Our Tuesday focus on the election:
Hillary Clinton and Donald Trump have expressed their disapproval of the Trans-Pacific Partnership (TPP).
Where are we going? To why economists disagree with them.
The two best words that describe the TPP are market access. Goods and services will be able to move with ease among the signers as supply chains interlock, tariff and non-tariff barriers are eliminated and common protections are established for areas that include intellectual property, labor and the environment.
These are the 12 TPP nations and their existing free trade deals (FTAs):
It appears that although most economists believe that free trade is beneficial, many average Americans disagree. When 41 economists and 1000 households were asked the following question in a University of Chicago Booth School study, the split between the two groups was disturbingly evident:
“On average, citizens of the U.S. have been better off with the North American Free Trade Agreement than they would have been if the trade rules for the U.S., Canada and Mexico prior to NAFTA had remained in place.”
- Agree: 94.59%
- Uncertain: 5.41%
- Agree: 46.17%
- Uncertain: 15.39%
Even when told that economists disagreed with them, only 5% of the participants changed their minds.
So why won’t American households agree with the economists?
It is probably because of the unseen.
It is tough to recognize what we gain from the export side of trade. Just one example, our movie industry generates more revenue abroad than from North America. Below you can see the numbers from the Wall Street Journal:
Implemented in 1994, NAFTA opened the U.S. to Mexican and Canadian fruit growers. As a result, by 2012 the amount of fruit we were eating from Mexico and Canada had doubled while we consumed three times as many of their vegetables. Or, thinking of a pre-NAFTA world, please just imagine supermarkets with many fewer Mexican avocados, cantaloupes, grapes, mangoes, papayas, limes, strawberries and watermelon.
When items are made more cheaply elsewhere, we pay less for more. In Trans-Pacific Partnership: An Assessment, Peterson Institute economists estimate that the lowest income quintile of households get the most benefit from increased imports. Their reason? Lower income families spend a larger proportion of their income on food and beverage than those who are more affluent. Consequently trade enables poorer households to save money on better clothing, cars, food and electronics. Meanwhile, competition puts pressure on U.S. producers to innovate and cut prices.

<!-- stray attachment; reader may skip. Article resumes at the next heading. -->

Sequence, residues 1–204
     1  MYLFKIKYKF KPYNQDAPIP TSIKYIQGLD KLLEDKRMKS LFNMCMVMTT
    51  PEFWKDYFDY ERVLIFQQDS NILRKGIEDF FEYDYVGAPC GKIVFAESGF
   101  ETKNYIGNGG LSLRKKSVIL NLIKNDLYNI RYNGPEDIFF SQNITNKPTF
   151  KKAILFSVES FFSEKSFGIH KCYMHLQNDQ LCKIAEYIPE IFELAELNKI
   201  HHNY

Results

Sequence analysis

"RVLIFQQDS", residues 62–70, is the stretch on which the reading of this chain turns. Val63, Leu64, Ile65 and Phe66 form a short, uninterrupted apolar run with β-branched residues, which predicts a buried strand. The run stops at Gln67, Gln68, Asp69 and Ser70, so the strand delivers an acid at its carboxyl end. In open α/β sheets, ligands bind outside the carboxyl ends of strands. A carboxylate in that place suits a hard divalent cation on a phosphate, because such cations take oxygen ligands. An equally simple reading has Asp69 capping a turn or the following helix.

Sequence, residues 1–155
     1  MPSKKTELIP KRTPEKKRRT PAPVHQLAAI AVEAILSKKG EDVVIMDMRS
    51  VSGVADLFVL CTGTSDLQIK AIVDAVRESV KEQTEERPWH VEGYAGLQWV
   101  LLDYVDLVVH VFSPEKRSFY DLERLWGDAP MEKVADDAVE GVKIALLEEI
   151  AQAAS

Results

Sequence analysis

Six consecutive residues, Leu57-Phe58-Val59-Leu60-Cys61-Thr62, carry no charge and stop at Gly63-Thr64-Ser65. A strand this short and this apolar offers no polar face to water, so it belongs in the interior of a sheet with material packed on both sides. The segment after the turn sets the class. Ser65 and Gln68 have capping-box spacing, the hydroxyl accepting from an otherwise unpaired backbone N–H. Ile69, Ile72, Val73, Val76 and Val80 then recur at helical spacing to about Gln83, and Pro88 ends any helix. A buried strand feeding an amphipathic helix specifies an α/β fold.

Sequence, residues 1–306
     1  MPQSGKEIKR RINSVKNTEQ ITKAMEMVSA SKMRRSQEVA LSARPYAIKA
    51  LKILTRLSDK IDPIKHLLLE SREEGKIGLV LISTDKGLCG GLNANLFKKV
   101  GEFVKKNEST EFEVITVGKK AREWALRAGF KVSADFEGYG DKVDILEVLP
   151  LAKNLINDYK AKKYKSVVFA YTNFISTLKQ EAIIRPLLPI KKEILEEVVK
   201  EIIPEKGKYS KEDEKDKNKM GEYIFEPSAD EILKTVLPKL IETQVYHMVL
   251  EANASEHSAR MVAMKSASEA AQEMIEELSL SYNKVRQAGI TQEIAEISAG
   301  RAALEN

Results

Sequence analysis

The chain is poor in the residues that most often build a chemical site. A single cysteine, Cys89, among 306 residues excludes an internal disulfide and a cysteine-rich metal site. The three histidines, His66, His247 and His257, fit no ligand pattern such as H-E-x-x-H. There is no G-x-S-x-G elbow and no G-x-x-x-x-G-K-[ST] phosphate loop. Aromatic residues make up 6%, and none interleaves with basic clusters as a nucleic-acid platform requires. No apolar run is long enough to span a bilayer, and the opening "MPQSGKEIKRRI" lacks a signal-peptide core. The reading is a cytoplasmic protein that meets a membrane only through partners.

The Cost of Preserving jobs
However, by adding $1.1 billion to tire spending in 2011, we could say that each additional job cost $900,000. Furthermore, by spending more on tires, consumers had less to spend elsewhere.
Our Bottom Line: Comparative Advantage
If all else fails, then economists refer to comparative advantage.
For example, what if you can teach a class skillfully or mow your lawn expertly while your neighbor can mow the lawn mediocrely or get paid minimum wage at a fast food restaurant? Then you should teach, she should mow for more than the minimum wage and everyone will be better off. The reason? You sacrifice too much by not teaching when you mow and she would sacrifice too much if she earned less at her fast food job.
You can see why it’s tough to prove the benefits of free trade.
My sources and more: In the media and academically, articles supporting trade are everywhere. Yesterday’s Wall Street Journal had the statistics on the film industry, while the Peterson Institute has the economic analysis here and here. And I especially had fun with the Chicago paper on average Americans and economists. Please note that several sections from today’s post were published in a previous econlife.